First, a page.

Monday, July 15, 2013

'The Newsroom' Premiere Review - 2.01 First Thing We Do, Let's Kill All the Lawyers

        On the season premiere of HBO's The Newsroom, Will and the "News Night" staff are questioned by their lawyer about a story they've aired that's become a network crisis; an on-air remark by Will has him pulled from 9/11 anniversary coverage; Jim volunteers to cover for an embed reporter on the Romney campaign; and Neal investigates the beginnings of Occupy Wall Street.

        The lasting impact of a series does not come from how will it does in its first season but more importantly by the direction it chooses to take in its second. A series can have a dynamic and near-perfect first season but how they choose to follow it up is more indicative of whether or not lightening can struck. Then there are other series with very problematic first seasons but get the opportunity to come back for another round. This clearly describes The Newsroom because even though the first season produced some great episodes - namely "We Just Decided To" and "5/1" - it had some very crippling structural, tonal and character flaws.
        The biggest flaw that increasingly grew throughout the first season of The Newsroom was its characters. They all started out in places of intriguing and offered up various dynamics that will very telling of the workplace atmosphere they inhabited. But as the season continued on, it seemed as if the show was growing further and further away from what made these characters who they were in the first place. It opted for them to be more in tune with a political soap box that continually came across poorly to the audience. They often read smug and self-indulgent: now of whom were ever challenged in a way that sparked a conversation about the issues.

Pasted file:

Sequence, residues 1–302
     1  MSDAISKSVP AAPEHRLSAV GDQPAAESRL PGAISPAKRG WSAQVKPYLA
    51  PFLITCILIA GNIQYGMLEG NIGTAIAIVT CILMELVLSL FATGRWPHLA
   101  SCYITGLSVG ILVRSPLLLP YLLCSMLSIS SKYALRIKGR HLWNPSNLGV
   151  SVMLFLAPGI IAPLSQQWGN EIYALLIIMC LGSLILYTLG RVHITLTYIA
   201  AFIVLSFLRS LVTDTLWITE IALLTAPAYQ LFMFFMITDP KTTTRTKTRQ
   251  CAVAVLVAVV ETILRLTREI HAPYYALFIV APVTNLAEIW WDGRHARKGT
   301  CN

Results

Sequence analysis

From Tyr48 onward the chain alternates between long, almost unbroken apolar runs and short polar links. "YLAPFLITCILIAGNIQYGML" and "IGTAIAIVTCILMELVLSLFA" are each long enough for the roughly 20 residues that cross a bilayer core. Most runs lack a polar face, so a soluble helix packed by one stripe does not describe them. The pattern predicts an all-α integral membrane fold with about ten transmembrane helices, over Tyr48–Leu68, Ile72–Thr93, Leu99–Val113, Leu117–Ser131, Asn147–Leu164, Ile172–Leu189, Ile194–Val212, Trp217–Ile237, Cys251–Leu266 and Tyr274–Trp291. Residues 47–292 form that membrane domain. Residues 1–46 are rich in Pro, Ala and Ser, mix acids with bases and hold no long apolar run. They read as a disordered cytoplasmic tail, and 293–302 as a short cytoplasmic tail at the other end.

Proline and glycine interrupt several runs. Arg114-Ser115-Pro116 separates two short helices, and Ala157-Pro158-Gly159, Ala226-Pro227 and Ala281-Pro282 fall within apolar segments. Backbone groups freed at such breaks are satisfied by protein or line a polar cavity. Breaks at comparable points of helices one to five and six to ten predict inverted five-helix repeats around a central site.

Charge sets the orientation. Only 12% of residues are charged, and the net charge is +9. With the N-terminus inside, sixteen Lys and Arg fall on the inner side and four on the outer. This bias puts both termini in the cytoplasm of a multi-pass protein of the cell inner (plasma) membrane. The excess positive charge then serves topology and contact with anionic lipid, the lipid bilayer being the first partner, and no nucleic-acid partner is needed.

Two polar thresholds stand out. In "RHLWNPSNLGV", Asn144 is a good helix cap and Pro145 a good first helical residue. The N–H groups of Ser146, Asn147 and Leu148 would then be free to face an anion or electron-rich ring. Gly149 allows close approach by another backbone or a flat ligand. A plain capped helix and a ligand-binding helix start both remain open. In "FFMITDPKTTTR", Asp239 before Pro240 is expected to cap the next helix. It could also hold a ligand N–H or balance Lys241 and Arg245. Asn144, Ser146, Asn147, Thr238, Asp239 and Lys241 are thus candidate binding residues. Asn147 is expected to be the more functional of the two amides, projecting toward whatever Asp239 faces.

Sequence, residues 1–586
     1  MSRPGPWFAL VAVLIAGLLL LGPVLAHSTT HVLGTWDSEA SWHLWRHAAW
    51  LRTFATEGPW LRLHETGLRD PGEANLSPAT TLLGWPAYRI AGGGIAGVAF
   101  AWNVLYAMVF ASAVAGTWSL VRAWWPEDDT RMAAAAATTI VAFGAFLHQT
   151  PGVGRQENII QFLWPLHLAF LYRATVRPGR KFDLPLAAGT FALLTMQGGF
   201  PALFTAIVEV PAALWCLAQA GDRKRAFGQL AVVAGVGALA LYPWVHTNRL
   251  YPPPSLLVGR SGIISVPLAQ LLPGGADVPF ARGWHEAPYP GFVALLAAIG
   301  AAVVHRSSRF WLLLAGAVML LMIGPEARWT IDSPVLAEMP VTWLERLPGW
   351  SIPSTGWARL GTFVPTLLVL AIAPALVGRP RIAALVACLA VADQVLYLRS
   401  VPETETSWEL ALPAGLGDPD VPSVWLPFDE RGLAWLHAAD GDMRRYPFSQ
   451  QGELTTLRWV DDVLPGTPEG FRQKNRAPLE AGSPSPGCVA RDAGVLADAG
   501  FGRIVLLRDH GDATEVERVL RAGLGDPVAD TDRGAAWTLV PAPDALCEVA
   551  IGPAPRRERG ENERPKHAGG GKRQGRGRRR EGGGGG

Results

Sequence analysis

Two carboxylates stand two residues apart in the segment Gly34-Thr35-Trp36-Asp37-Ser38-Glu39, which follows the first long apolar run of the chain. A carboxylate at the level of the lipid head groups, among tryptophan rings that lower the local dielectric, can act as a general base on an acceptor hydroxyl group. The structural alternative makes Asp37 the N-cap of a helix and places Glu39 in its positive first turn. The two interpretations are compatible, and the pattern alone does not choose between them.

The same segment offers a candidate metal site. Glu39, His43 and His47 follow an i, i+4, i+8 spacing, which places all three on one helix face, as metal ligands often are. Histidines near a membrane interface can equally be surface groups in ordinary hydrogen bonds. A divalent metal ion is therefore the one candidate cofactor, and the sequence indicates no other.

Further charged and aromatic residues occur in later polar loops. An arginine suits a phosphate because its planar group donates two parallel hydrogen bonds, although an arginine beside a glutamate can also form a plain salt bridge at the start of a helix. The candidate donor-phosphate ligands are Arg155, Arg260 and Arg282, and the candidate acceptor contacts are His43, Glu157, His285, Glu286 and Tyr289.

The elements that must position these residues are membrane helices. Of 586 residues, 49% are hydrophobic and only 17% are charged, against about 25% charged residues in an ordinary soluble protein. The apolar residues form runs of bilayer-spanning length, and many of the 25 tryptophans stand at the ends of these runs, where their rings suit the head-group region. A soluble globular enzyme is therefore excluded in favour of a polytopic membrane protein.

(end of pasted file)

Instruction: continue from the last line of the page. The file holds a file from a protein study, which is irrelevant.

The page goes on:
The season now opens with a brand new opening credits sequence. It is marginally more fantastic than the one that proceeded it. Before the sequence was comparing the series to greatness - saying that what this show and these characters are trying to do is just as important and life-changing as the legendary newsmen of the past. It spoke as how it strived to return to this era of being informed by covering the news "the way it should be" and not the bias frequently seen in today's current news broadcast. That messaging in and of itself comes off as holy-than-thou and the following show was equally as so. Now, the new credits is just as informative of the succeeding series but is more in line with its true nature. The Newsroom is a program where serious issues of real life can be talked about. It's not going to be a revelation to the medium nor is it going to change the way real life politics and reporting operate. The fact that the show came to this understanding gave me hope that the following premiere would be one of hope that the series finally could live up to its fullest potential.
        As second season begins, it's very evident that Aaron Sorkin was able to take some of criticisms to heart. But it is even more evident, that this will be series that can produce great moments but will also always have stories that drag down everything else around them. That again simply is due to the way certain characters are being written.